|Dr.J. on Running||
Lesson LearnedPublished May 6, 2002 in The Syracuse Post-Standard.
By Dr Kamal Jabbour, Contributing Writer
Weeks of preparation gave way to the long-awaited weekend. A small Finger Lakes women's college hosted its conference championship. Faculty doubled up as coaches and volunteers to prepare the athletic field for the visiting teams. Groundskeepers mowed the lawn and painted the lines. The sun shone warm over the tree blossoms.
I attributed the tension within the home team to the sleepless nights of double-duty preparation. The athletes prepared both to compete on their home turf and to host opponents from around the region. The home team reached the championship as the lowest seed in the conference. As the start of the first event drew near, I sensed that the discipline and training had slipped by the wayside.
The head coach gave final words of encouragement, as his eyes searched into the distance for an elusive goal. Growing whispers eventually reached my ears. The star athlete of the home team was unexplainably missing. Her absence affected both the strength of her team and the emotions of her teammate. The concern for her well-being and the distraction by her absence were evidenced in the results of the first event. The prospects appeared grim and the weekend long.
Finally, our hero arrived two hours later than required. She blamed her tardiness on a hangover from the previous night. After all, college students have earned the right to party at the eve of a championship. She aggressively prepared to save the day. In a society where a mere apology can erase any sin, everyone expected her to take her rightful place at the start of the next event.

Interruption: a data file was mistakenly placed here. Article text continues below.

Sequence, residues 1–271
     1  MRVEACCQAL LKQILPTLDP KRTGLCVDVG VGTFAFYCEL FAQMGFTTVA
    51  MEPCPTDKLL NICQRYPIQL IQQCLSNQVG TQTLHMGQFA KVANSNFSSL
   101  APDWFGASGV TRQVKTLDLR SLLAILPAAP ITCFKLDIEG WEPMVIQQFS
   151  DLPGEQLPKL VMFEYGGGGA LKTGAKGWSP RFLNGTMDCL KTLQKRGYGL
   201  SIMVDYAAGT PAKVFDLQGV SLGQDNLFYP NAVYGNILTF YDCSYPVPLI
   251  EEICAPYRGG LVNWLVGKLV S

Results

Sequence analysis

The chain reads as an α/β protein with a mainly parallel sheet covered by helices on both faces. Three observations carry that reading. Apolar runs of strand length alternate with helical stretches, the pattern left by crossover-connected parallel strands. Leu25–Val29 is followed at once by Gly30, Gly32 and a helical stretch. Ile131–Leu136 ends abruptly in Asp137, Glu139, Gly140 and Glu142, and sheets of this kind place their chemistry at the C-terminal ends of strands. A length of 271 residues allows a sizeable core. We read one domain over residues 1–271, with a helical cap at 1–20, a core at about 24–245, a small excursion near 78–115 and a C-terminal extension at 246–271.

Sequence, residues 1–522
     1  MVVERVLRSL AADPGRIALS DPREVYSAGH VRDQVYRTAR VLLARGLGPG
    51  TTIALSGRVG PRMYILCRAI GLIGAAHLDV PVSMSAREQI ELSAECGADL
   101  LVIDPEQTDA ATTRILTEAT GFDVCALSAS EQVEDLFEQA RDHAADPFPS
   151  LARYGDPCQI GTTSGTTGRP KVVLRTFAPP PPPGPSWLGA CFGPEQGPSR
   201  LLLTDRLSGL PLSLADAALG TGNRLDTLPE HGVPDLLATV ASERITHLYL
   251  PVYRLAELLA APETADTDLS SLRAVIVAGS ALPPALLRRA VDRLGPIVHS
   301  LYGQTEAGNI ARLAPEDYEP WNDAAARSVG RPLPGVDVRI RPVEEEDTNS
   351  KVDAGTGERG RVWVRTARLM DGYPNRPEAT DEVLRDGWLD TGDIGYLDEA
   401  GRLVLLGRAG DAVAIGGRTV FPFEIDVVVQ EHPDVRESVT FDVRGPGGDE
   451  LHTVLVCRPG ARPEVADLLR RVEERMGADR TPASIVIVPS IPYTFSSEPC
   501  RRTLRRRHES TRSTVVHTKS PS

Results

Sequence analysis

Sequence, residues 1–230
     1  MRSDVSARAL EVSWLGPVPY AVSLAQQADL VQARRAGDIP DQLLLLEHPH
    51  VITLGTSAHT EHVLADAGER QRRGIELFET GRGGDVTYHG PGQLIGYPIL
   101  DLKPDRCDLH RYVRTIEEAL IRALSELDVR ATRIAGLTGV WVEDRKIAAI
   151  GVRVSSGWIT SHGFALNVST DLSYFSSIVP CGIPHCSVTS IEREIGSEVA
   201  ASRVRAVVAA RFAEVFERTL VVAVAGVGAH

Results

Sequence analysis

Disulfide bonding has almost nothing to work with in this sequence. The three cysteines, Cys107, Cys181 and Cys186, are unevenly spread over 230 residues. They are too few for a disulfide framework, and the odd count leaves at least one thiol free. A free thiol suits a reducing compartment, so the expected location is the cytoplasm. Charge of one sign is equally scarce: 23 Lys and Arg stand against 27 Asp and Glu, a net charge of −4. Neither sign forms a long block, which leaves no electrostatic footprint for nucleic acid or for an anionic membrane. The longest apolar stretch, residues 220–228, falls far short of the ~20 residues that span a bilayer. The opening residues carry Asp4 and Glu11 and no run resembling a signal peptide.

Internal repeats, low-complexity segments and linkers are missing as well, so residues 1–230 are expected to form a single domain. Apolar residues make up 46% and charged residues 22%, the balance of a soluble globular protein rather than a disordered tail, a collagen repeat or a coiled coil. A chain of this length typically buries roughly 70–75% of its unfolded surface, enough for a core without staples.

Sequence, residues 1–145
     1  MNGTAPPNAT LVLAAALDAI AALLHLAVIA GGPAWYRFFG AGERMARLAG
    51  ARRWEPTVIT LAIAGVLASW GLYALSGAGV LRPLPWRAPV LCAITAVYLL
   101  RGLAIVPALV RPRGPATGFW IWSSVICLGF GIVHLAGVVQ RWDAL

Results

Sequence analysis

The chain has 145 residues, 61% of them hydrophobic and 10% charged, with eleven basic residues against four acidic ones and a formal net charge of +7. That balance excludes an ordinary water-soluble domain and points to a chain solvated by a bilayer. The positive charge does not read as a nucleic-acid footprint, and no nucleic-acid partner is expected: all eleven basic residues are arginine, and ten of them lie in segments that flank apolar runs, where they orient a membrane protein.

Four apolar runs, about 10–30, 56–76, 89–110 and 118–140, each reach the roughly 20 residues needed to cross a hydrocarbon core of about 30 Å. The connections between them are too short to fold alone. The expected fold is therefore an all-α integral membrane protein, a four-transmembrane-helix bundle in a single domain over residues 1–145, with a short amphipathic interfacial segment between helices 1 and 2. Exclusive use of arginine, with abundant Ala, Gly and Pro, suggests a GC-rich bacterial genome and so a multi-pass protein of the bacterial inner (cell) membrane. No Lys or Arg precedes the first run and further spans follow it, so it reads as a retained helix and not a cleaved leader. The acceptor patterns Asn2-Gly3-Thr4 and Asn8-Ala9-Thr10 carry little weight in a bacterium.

Her teammates had alternate designs on the day. Under the leadership of the captains and with the blessing of the coach, they voted to throw the star off the team. Unceremoniously, she packed her uniform and returned home to consume her hangover.
Awakened from a bad dream and rid of a burden, the fortunes of the home team took a decided turn for the better. The setting of their former star gave each athlete room to shine on her own, combining into a string of victories and a memorable weekend. When the darkness descended on the sleepy lakeside village and the visitors returned home, the host team celebrated their unprecedented victory and their third place finish in the championship.
My ride home was dominated by a related topic. Should athletes be required to train and compete with their teams during spring break, or can they go on vacation with their families? The captains of that home team answered this question convincingly.
Kamal Jabbour runs and writes on the hills of Pompey, New York. His RUNNING Column appears in The Syracuse Post-Standard on Mondays. Dr.J. created TrackMeets.com, webcasting live Every Lap of Every Race. He receives email at firstname.lastname@example.org.